Corresponding Author Information: Kate Szymanski
Session Abstract: BACKGROUND AND PURPOSE: Approximately 42 million people worldwide suffer from any form of trauma of cancer, and this number is growing. Research shows that negative interpersonal relationships with physicians, mental health workers and family members correlate with more severe psychopathology and less adherence to treatment for cancer patients (Farin, Gramm & Schmidt, 2012).The current study assessed if negative internal representations of others (i.e. an internalized framework that forms a foundation for experiencing interpersonal relationships through life) increases psychopathology in cancer patients, thus posing a risk for treatment adherence. In order to minimize participants’ self-presentational confounds in reporting perceptions and experiences of others, we used an implicit measure of object representations. SUBJECTS: This archival study employed narratives of 97 women (mean age = 45.2, SD = 8.6) with breast cancer who, as a part of a larger study, wrote brief descriptions of their experiences with the illness. METHODS AND MATERIALS: Three independent judges applied Westen’s (1995) Social Cognition and Object Relations Scale-Revisited (SCORS-R) in coding the narratives. ANALYSES: ICC was calculated to assess inter rater reliability on SCORS-R, and Pearsons’s product-moment correlation was applied to data analysis. RESULTS: ICC = .81-.93 range was obtained. There were significant negative correlations between low Affective Quality of Representation of People scale (SCORS-R) and PTSD (Pearson r = -395, p < .01) and Global Severity (GS) Brief Symptom Inventory (BSI) ( r = -.377, p < .01); and significant negative correlations between low Emotional Investment in Relationships scale (SCORS-R) and PTSD (r = -.317, p < .01) and GS BSI (r = -271, p<.001). CONCLUSONS: These findings show that for women with breast cancer negative internal object representations relate to severe psychopathology. Targeting these malevolent object representations in clinical treatment would likely facilitate a positive alliance with medical personnel thus increasing treatment adherence for these patients.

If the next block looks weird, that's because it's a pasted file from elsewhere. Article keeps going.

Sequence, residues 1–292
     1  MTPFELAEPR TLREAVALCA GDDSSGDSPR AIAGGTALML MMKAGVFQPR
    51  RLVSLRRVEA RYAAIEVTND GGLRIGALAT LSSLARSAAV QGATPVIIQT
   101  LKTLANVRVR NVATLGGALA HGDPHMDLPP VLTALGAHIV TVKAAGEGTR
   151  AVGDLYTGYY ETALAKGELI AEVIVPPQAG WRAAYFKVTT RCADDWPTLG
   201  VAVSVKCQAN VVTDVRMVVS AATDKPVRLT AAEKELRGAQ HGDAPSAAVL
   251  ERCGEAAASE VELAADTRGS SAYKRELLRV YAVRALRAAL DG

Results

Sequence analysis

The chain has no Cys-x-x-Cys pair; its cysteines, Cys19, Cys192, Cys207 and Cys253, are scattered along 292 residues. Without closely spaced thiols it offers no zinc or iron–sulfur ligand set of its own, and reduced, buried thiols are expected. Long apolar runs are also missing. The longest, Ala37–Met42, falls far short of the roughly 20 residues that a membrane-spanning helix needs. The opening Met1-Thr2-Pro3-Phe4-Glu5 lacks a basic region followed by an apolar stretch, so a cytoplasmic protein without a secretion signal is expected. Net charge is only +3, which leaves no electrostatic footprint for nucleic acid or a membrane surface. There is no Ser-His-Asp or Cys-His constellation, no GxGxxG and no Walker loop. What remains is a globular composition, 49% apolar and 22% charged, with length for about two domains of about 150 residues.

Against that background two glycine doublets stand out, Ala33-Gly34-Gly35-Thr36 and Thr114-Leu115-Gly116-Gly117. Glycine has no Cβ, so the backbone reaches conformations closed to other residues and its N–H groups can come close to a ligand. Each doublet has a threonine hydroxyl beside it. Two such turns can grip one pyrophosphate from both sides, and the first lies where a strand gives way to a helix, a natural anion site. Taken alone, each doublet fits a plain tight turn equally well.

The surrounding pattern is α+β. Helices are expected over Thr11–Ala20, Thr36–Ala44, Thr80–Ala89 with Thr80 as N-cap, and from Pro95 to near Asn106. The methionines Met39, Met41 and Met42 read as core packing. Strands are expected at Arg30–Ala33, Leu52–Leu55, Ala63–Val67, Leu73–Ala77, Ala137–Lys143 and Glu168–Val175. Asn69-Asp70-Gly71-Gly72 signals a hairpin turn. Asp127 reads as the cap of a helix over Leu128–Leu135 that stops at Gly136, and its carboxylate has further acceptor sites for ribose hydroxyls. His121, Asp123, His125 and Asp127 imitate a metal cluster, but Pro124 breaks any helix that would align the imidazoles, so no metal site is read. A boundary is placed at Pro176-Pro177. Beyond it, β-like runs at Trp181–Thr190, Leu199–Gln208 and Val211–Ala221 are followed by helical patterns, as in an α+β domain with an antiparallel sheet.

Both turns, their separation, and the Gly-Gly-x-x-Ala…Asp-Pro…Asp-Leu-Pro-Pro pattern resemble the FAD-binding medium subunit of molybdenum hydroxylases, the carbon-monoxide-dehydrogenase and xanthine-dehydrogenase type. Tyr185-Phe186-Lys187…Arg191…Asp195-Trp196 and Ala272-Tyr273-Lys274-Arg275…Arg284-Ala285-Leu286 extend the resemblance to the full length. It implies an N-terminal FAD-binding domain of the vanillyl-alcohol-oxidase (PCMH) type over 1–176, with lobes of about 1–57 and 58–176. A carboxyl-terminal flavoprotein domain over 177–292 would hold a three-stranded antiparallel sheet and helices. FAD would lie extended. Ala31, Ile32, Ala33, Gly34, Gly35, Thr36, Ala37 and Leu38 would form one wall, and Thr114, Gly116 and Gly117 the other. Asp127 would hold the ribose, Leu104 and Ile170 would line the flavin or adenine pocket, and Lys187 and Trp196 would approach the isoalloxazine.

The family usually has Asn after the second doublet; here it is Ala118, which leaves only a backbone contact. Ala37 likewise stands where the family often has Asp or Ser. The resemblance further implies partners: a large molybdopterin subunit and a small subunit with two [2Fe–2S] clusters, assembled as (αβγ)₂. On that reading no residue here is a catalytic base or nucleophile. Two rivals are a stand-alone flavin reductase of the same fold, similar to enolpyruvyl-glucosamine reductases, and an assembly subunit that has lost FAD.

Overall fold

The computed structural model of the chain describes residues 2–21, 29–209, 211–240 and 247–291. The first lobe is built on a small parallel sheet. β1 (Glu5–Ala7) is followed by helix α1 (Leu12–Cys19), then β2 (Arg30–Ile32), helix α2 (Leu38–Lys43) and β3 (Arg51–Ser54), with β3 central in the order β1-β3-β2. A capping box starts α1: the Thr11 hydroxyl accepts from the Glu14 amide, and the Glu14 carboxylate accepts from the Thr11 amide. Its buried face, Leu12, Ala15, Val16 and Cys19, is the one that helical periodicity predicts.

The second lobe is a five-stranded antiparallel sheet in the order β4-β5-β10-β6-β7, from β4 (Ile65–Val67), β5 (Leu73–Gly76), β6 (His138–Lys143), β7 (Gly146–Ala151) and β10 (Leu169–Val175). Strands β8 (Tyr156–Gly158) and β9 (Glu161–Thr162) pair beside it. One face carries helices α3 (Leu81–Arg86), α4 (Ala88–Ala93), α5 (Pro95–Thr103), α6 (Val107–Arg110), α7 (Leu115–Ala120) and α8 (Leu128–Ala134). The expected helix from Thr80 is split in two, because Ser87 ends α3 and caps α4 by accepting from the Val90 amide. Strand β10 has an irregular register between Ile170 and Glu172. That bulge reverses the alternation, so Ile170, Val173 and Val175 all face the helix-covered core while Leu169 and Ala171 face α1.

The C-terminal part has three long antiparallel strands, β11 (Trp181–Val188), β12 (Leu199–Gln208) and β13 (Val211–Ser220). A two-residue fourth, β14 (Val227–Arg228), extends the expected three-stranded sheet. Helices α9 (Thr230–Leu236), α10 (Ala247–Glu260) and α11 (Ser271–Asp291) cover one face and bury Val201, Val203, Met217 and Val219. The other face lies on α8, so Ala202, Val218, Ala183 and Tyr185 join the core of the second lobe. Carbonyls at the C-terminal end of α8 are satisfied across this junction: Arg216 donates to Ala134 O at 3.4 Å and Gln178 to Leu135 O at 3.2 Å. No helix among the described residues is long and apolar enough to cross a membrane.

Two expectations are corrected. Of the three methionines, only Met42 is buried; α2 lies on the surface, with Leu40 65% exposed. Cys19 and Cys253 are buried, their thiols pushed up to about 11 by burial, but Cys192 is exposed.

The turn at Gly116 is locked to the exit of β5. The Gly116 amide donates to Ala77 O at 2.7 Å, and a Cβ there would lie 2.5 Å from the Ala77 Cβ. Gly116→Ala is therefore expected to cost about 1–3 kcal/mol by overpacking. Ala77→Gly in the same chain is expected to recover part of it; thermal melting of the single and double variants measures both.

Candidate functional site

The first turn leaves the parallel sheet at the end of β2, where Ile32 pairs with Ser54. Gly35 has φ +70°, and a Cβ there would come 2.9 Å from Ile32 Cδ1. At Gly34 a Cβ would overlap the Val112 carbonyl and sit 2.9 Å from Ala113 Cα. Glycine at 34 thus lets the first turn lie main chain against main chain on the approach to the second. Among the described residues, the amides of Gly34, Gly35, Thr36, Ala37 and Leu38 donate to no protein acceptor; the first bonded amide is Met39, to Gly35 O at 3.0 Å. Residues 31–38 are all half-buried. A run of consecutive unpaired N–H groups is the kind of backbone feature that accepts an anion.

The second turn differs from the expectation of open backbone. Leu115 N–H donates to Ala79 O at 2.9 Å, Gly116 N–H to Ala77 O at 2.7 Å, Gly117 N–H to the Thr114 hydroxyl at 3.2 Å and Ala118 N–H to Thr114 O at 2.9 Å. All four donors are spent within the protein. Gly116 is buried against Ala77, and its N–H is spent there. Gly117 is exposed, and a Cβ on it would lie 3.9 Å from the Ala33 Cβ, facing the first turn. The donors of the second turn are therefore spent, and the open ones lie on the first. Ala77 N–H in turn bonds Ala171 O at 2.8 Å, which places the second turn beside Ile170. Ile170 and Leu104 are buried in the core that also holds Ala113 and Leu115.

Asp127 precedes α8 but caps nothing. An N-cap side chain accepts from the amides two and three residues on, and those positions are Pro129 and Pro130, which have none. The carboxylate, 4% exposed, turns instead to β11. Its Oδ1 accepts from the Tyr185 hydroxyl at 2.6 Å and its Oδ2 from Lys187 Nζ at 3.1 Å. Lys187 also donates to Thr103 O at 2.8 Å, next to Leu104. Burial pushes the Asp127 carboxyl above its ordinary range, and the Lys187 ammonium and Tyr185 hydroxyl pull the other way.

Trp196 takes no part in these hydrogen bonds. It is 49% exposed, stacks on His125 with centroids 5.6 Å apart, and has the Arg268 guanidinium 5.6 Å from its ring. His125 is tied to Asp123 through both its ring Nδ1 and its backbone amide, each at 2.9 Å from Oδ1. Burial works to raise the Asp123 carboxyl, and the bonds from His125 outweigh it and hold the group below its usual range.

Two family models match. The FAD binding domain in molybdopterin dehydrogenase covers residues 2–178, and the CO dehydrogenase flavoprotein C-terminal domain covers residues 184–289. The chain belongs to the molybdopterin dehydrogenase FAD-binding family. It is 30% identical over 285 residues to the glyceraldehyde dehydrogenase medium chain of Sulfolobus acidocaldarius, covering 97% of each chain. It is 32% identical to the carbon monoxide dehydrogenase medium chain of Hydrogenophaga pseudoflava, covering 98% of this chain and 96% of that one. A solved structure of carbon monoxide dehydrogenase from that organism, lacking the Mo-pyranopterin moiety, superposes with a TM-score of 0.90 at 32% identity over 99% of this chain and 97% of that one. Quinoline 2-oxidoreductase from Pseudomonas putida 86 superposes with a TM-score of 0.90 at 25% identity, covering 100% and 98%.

Kate Szymanski, PhD | Adelphi University, Garden City, NY
Carolyn Springer| Adelphi University, Garden City, NY
Shira Spiel | New York, NY
Dr. Kate Szymanski
Kate Szymanski, Ph.D. is an Associate Professor at the Gordon F. Derner School of Psychology at Adelphi University. She is a clinical and research supervisor in the Ph.D. Program in the Clinical Psychology, and she also teaches in the Postgraduate Program in Psychoanalysis and Psychotherapy. Dr. Szymanski’s interests concentrate on a wide range of acute and chronic traumas, and their impacts on family environments. She is particularly interested in loss, illness, grief, and resilience. Dr. Szymanski has presented her work at a number of national and international conferences, and published numerous journal articles and book chapters. She is co-editor (with Stroinska and Cecchetto) of Expression of the Unspeakable: Narratives of Trauma. She has international clinical experience working with a wide range of populations. Dr. Szymanski has a private practice in Garden City, NY and specializes in trauma.